are just 12 staff people.

Like any other bureaucracy, the agency is awash in paper. "We receive and produce lots of paper and have no efficient way to get at the information stored on the documents," commented Tincher. And like a growing number of government agencies, the Water District has reduced its support staff and increasingly relies on computers to do its office work.

A key piece of technology is the document imaging system they use for storing, filing, indexing and retrieving all project files, correspondence, legal documents and financial records. The District uses a hardware platform from Digital Equipment and Excalibur software for document imaging, indexing and retrieval.

According to Tincher, the system provides the staff with the means to retrieve documents by keyword, Boolean or fuzzy searches. "The fuzzy search capability takes spelling out of the loop," he explained. When a search is entered into the computer, the system provides the user with a list of hits and ranks them according to which document had the most keyword occurrences. When a user selects an item from the retrieval list, the software brings the document image - not the text file - to the screen.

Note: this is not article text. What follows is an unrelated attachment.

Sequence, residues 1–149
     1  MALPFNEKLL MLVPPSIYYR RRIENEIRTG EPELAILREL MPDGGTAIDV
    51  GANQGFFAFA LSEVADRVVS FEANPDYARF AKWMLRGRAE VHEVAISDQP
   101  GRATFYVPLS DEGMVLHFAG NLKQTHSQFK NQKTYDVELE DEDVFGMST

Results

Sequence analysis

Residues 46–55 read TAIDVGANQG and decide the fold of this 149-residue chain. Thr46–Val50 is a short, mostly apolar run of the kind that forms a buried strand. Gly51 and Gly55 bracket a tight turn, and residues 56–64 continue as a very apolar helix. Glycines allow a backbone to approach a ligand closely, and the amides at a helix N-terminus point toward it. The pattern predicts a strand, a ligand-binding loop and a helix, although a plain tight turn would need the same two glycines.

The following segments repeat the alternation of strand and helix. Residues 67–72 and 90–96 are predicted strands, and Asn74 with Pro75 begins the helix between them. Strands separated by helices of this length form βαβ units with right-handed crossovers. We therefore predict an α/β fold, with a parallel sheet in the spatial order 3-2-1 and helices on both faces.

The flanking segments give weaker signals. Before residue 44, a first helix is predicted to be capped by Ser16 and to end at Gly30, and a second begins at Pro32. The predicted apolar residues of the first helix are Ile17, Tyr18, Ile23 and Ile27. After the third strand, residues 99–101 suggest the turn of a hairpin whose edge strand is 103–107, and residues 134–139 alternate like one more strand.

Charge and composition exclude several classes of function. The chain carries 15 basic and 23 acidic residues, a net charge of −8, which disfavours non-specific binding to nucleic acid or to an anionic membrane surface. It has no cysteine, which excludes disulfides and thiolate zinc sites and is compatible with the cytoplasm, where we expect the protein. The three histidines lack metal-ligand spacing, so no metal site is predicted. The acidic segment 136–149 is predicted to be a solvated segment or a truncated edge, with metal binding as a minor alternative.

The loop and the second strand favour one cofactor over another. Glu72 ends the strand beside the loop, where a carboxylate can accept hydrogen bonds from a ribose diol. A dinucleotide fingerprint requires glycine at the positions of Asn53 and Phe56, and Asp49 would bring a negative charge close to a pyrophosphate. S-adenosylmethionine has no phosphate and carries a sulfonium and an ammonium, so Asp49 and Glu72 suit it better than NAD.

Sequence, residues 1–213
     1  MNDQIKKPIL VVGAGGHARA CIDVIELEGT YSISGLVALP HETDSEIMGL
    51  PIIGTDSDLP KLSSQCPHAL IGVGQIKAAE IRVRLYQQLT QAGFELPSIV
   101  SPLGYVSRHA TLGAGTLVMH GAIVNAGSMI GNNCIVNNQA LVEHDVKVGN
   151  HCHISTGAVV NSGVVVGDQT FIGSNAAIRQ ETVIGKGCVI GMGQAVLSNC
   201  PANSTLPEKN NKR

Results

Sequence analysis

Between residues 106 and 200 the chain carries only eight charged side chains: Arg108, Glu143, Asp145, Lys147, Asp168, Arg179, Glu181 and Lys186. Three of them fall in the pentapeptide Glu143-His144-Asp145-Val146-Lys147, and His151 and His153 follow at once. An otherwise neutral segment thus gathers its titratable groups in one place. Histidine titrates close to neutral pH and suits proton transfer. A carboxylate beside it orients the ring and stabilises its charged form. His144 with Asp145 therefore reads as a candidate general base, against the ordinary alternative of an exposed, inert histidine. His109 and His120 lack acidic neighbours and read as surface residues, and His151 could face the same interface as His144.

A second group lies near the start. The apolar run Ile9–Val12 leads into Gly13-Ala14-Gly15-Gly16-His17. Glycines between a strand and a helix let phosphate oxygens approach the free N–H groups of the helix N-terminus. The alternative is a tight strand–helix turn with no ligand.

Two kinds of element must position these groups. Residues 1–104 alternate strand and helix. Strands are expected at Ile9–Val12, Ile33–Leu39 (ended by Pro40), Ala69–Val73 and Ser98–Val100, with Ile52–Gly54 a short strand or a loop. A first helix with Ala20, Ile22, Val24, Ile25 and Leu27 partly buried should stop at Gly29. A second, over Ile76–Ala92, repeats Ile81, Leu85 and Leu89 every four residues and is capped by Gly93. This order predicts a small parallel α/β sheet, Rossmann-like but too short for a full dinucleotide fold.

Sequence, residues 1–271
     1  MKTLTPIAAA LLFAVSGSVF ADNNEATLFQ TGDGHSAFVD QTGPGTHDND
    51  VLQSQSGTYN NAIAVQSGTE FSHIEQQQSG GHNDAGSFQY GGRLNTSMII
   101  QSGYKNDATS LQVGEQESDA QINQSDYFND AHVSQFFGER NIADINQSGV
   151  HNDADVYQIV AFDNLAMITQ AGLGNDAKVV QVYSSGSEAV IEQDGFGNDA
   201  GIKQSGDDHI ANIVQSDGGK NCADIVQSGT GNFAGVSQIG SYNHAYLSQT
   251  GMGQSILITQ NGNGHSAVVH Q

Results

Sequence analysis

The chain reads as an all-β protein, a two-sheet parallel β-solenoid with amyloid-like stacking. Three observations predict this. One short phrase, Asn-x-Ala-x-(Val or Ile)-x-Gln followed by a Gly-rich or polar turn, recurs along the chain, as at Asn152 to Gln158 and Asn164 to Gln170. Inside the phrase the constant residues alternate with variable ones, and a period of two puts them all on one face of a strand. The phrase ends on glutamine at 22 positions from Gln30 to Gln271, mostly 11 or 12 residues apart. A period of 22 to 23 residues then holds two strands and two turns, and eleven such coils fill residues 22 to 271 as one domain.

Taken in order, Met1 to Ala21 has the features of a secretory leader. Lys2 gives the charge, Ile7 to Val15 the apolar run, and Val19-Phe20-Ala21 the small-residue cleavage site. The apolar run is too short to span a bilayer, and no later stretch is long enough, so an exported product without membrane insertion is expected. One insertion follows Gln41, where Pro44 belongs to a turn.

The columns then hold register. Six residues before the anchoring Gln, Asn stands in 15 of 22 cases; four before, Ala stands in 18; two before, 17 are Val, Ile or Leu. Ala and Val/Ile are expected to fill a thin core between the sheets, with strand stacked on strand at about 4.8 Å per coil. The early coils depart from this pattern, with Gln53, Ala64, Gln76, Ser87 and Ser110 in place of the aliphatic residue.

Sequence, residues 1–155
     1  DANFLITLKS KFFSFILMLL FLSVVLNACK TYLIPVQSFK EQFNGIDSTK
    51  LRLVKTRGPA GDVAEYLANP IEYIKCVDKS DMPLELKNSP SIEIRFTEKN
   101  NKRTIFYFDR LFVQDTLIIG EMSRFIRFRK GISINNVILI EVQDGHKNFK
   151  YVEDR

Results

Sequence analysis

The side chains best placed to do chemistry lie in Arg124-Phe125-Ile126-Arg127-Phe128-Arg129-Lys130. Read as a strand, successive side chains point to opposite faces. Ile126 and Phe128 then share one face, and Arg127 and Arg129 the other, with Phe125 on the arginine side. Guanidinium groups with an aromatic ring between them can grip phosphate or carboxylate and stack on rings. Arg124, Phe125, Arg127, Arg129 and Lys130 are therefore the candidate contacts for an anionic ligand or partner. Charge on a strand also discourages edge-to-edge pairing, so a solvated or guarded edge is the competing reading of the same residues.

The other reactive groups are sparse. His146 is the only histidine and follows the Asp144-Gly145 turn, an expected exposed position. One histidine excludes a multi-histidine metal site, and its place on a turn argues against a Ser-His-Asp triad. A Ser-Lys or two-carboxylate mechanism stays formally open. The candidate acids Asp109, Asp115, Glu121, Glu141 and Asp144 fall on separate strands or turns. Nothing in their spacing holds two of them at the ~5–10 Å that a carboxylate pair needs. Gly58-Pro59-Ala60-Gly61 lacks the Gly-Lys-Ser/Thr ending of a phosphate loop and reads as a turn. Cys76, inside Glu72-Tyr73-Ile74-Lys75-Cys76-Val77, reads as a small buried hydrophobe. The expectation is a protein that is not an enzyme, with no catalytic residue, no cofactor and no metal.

"The Excalibur system is excellent for our small office, where we can't afford a file clerk," said Tincher. He added that the software finds and retrieves documents very quickly and is easy to operate for casual users.


With more government information being stored electronically, the ability to find files and information becomes more difficult. That makes text retrieval more important than ever. But choosing and integrating retrieval software into new or existing applications requires careful consideration. Shegda cited three key issues that must be addressed: standards, storage requirements and databases.

"You need to make sure that the search engine you choose can read the native file formats you use, such as Microsoft Word or Word Perfect," she said. "Some only provide limited support. If the search engine doesn't support one of your standard formats, then the file has to be translated into ASCII text before it can be indexed and searched," Shegda pointed out.

Storage requirements must be analyzed carefully, because indexes for full text retrieval require large amounts of storage space. When text retrieval is integrated with an imaging system, storage requirements can be considerable. These integrated systems typically have two databases: one for the full-text database and another containing keywords and pointers to the document image files. Search and retrieval times can slow down when the databases are large.


Where's text retrieval headed? Well, it probably won't be called "text" retrieval in about five years, according to Shegda. By then, retrieval technology - combined with more mature adaptive pattern recognition capabilities - will be more active in the multimedia environment. Also, retrieval tools will be more of a commodity item, embedded in word processing software or even operating systems, making them accessible to virtually all computer users. That's good news for government information gatherers.